Sunday scorcher! Health warnings for tens of millions of Americans as ‘relentless’ record-breaking temperatures grip the country and are expected to last through the whole holiday week
- Dangerous ‘heat domes’ are covering much of the US Sunday and into next week, spanning from Arizona to Maine
- Record breaking temperatures are so high that one Wisconsin newscaster was able to bake cookies in his 170-degree car
- Up to 18 states have already issued heat advisories ahead of the July 4 holiday while afternoon highs are expected to be 10 to 20 degrees above normal
- Cooling stations have been requested for urban cities like St. Louis, Chicago and Detroit
- Officials have advised those celebrating Independence Day Wednesday to stay hydrated as the heat wave is expected to hang around until Thursday
Tens of millions of Americans are feeling the heat this weekend as temperatures reach above 100 degrees in what meteorologists are calling a ‘relentless’ and ‘dangerous’ heat wave.
The ongoing hot weather stretching from Arizona to Maine is expected to continue throughout Fourth of July, hitting especially hard in the eastern half of the country.
The National Weather Service says that afternoon highs could reach as much as 10 to 20 degrees above normal, as 18 states have already issues heat advisories through the weekend and into the week.
One Wisconsin newscaster put the heat to the test, placing raw cookie dough on a baking sheet in his car with a thermometer.
The car reached 170 degrees – hot enough to begin baking the cookies – serving as a warning to parents and pet owners.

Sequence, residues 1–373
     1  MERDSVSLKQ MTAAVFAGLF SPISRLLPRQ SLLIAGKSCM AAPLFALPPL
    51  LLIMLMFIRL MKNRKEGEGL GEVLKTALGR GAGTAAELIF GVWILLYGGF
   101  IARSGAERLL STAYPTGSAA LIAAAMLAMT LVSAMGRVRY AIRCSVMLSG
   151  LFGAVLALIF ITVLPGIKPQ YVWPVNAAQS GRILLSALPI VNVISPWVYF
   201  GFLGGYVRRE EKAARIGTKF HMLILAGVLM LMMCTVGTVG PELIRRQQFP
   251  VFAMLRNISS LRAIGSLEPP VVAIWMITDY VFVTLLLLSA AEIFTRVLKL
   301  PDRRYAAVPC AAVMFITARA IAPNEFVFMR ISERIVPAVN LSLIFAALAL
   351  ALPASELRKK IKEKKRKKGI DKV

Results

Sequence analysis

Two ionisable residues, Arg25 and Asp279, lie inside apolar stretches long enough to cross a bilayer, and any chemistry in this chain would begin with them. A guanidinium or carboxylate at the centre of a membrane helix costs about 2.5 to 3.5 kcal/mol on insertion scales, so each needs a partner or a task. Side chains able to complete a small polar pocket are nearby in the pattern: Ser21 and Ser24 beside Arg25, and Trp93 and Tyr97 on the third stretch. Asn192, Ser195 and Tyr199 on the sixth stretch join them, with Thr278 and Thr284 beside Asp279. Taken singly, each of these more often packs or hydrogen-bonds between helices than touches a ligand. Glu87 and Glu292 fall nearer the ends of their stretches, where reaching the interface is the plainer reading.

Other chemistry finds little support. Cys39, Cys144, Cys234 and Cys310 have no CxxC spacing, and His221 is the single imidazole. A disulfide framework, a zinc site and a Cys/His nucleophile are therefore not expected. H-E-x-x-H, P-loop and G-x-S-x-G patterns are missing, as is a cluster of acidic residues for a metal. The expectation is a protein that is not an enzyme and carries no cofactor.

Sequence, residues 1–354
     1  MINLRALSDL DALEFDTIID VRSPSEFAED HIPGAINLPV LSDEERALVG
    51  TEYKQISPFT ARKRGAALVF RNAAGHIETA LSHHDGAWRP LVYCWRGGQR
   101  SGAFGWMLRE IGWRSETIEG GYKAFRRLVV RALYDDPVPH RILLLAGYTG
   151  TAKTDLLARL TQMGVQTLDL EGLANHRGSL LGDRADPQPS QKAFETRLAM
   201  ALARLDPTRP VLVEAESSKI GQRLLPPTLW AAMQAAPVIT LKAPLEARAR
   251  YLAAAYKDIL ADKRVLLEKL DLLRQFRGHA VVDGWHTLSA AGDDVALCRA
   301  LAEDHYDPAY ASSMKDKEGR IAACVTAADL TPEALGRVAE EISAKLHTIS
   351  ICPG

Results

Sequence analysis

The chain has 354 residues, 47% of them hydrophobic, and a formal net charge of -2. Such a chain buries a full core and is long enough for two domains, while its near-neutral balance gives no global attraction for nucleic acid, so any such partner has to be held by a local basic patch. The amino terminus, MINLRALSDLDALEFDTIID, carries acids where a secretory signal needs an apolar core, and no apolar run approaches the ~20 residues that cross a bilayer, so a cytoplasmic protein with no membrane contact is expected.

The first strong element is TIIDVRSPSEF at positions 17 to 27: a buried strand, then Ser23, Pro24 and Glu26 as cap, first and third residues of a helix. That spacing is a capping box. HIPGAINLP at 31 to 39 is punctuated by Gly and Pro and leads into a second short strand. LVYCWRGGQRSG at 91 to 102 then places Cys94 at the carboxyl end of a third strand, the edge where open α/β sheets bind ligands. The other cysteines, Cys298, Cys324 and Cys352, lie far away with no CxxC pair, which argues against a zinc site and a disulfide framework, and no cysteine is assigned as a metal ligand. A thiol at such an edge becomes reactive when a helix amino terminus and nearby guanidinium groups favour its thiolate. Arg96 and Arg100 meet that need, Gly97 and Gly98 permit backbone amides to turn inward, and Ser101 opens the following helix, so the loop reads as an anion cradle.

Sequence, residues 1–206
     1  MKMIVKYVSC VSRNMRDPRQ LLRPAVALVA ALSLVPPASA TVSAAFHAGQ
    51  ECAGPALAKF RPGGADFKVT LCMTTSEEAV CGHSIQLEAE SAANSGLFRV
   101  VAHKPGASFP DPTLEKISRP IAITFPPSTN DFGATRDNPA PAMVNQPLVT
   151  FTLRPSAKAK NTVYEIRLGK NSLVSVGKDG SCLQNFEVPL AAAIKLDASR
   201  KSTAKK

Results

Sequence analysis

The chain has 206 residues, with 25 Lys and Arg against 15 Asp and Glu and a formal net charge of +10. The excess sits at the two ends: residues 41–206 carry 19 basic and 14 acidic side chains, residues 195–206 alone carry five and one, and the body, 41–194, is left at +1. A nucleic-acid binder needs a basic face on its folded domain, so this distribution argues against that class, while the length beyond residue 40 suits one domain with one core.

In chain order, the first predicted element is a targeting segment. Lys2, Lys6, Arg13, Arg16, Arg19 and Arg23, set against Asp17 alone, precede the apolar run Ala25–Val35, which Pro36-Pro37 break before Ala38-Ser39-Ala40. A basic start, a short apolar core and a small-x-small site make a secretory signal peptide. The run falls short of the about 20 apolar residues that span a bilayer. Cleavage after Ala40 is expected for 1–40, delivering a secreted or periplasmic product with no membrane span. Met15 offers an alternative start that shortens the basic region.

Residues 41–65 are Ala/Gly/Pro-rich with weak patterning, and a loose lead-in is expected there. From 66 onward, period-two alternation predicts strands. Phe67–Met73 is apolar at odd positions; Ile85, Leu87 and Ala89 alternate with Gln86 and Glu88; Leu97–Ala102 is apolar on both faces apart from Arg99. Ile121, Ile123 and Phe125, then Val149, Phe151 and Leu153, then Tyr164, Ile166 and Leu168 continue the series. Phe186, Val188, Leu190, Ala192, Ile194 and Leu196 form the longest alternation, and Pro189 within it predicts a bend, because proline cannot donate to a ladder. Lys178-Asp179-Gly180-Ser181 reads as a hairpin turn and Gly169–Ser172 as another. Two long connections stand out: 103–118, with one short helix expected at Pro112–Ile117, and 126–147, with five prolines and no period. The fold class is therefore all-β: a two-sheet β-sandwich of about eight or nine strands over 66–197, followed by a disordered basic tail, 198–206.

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JULY 1: Sunday areas of the northeast will experience temperatures in the upper 90s as the rest of the country feels the heat
A woman holds a sign while joining others underneath water being sprayed by a firetruck to cool off people attending a ‘Families Belong Together’ rally, in Washington DC Saturday
RECORD HIGHS: Temperatures are expected to top highs from more than 100 years ago in certain eastern areas
‘It will not only be very hot, but it may also be perceived as relentless for many people in the Northeast as the heat lingers into July,’ AccuWeather Long-Range Meteorologist Paul Pastelok said.
The hot weather has already forced the cancellation of Fourth of July firework shows in several Ohio cities along with a basketball event in Toledo, Ohio, and a concert held by a school district in Minnesota.
Weather officials in New York City have warned that the heatwave is expected to be the longest the area has seen in two years, bringing five-straight days of 90+ degree temperatures.
In Kansas City, the weather service tweeted to ‘Limit time outdoors, wear light colored and light weight clothing, take frequent breaks preferably in the shade, and drink plenty of water.’
Severe weather and flash flooding are possible for parts of the Plains to the Upper Great Lakes, according to the National Weather Service.
Sunday will bring ‘scorching heat’ to the northeast as severe thunderstorms brew in he midwest
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Saturday, thousands of organizers across the country protesting the Trump administration’s ‘zero tolerance’ policy baked in the heat. Organizers are pictured cooling off at a fountain in Chicago
A Chicago bridge was stuck on Saturday, stranding a sailboat who could not get through. Firefighters came to the rescue to spray the boat down so the passengers wouldn’t overheat
Syracuse, Buffalo and cities in the New York and Vermont area could experience record heat on Sunday.
Syracuse could expect 100 degrees on Sunday, a feat that has only happened 10 other times in the city since 1902.
The National Weather Service says: ‘An Excessive Heat Warning is issued when the combination of heat and humidity is expected to make it feel like it is 105 degrees or greater.